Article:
There’s no overstating the importance of networking. It’s how most people find jobs, and that can be bad news for introverts. But as Elaine Varelas, a managing partner at Keystone Partners, writes for Boston.com, there are ways to get past the nervousness and discomfort that come with approaching strangers and asking for help. In a great post titled “Networking Tips for Introverts,” she shares some helpful advice that’s summarized below.
1. Redefine the Term — If you think of networking as walking up to strangers in a big conference room, than yes, it will seem very scary. But as Varelas says, that’s not really what it’s about. Redefine the term as building “a team of advocates to maximize job search success.” Your contacts are “Job Search Advocates,” and you build relationships with them as individuals.
2. Start with Email and Phone — Thanks to technology, you don’t necessarily have to approach people in person anymore. Varelas suggests reaching out to people you know and asking them to connect you with individuals at companies you’d like to work for. Have your existing contacts send introductory emails with everyone copied, and when you respond, thank both people for their time and try to set up 30-minute in-person meetings with the new people.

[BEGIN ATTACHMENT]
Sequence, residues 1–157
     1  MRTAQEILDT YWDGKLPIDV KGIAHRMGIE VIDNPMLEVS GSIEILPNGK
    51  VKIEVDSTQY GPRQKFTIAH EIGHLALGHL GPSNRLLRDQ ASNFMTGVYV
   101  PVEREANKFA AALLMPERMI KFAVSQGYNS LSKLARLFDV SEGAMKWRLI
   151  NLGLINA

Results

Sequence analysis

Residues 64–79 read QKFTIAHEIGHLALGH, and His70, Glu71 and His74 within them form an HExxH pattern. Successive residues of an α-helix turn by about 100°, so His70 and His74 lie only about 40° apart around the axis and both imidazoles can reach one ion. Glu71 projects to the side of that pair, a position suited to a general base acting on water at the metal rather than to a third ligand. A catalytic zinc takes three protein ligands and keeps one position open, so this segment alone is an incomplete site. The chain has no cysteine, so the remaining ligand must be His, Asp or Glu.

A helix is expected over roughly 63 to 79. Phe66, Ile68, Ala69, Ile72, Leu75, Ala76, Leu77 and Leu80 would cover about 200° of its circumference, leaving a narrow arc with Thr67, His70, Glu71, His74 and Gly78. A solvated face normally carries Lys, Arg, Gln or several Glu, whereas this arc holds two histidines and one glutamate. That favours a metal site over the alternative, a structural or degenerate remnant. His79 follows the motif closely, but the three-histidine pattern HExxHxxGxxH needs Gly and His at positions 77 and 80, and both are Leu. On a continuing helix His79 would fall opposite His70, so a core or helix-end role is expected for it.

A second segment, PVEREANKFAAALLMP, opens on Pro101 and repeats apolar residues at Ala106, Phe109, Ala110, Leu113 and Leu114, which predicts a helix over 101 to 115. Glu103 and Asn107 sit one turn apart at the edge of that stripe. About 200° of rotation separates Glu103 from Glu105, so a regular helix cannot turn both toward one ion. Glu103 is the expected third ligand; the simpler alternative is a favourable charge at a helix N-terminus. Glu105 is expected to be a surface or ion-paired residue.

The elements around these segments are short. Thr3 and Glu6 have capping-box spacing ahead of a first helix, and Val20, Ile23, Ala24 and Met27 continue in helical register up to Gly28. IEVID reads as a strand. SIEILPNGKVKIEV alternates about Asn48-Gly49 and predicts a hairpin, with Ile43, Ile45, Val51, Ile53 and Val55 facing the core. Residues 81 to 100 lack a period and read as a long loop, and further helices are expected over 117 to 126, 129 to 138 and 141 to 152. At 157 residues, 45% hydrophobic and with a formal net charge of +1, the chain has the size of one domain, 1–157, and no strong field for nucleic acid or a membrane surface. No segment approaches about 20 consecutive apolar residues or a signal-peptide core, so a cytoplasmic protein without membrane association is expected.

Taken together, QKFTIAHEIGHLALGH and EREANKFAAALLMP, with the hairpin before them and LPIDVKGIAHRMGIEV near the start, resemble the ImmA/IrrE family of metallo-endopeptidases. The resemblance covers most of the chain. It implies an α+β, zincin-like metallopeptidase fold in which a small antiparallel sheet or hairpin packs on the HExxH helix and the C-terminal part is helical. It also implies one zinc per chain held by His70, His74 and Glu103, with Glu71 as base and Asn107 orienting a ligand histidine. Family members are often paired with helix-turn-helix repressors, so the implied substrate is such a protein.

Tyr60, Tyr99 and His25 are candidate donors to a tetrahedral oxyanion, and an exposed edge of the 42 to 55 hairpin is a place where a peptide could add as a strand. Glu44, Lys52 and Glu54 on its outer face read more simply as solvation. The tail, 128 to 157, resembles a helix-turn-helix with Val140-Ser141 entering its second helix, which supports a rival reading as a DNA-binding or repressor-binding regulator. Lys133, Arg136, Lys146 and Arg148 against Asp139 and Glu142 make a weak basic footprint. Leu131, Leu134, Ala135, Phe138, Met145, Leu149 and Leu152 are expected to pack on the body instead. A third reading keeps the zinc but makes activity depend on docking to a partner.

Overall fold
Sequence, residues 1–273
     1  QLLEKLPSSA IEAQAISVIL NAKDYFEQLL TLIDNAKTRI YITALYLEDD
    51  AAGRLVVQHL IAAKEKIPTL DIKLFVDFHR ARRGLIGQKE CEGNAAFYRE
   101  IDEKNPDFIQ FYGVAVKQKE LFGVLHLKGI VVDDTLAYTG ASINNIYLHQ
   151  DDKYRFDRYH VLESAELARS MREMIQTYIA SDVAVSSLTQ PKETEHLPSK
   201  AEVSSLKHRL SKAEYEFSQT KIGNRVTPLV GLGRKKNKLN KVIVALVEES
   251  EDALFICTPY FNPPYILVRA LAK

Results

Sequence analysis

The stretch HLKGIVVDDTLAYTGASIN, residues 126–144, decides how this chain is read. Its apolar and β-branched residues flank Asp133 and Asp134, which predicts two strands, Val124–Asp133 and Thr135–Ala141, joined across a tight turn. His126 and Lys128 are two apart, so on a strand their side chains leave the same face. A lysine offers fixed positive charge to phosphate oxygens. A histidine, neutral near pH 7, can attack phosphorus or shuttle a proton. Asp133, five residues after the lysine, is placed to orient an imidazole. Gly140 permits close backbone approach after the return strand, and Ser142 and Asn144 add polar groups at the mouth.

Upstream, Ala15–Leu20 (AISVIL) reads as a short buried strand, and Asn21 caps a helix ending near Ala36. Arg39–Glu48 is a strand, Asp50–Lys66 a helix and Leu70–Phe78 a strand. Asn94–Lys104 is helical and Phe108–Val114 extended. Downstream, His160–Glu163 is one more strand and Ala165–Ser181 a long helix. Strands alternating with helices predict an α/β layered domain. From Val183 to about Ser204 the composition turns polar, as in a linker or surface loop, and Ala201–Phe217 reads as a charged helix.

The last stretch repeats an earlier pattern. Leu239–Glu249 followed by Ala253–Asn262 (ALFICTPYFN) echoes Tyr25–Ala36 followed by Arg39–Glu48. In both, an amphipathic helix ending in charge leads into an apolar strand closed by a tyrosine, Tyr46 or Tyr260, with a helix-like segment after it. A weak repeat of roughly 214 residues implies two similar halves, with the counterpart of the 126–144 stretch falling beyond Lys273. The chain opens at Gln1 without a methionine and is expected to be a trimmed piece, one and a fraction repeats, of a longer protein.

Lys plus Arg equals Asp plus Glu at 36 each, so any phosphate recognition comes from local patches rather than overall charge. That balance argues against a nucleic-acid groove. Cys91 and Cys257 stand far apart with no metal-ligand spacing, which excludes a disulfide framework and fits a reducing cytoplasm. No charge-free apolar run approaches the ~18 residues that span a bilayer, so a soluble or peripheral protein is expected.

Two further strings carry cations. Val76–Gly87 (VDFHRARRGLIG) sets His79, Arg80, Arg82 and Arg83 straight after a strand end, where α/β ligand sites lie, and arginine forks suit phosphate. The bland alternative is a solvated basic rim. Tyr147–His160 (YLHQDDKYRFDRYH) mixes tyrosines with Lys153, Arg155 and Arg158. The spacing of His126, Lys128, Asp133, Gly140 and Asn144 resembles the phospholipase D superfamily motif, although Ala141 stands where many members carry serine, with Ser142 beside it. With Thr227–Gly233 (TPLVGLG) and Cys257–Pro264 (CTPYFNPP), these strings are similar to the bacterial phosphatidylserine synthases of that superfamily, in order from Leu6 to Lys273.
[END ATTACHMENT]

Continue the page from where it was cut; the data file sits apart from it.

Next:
3. Be Prepared — When you meet with these new connections, you want to discuss their experiences, certainly, but also your own. According to Varelas, some introverts even prepare scripts, and they generally go something like this: “who I am, what I can do, where I was, what I want to do and how you can help.”
4. Be Attentive and Courteous — As the other person is taking, take notes on the advice they offer and the contacts they share. Afterward, ask if there’s some way you might be able to help them. “Most people do not do that as part of networking and this will help you stand out in a positive way,” Varelas says. Finally, ask whether it’s OK to check back later for additional help or advice.
5. Assess and Move Forward — After each meeting, take stock of how things went and think about how you can improve. In terms of those scary “massive networking events,” Varelas suggests doing volunteer work. It’s sometimes easier to strike up conversation if you’re focused on helping other people.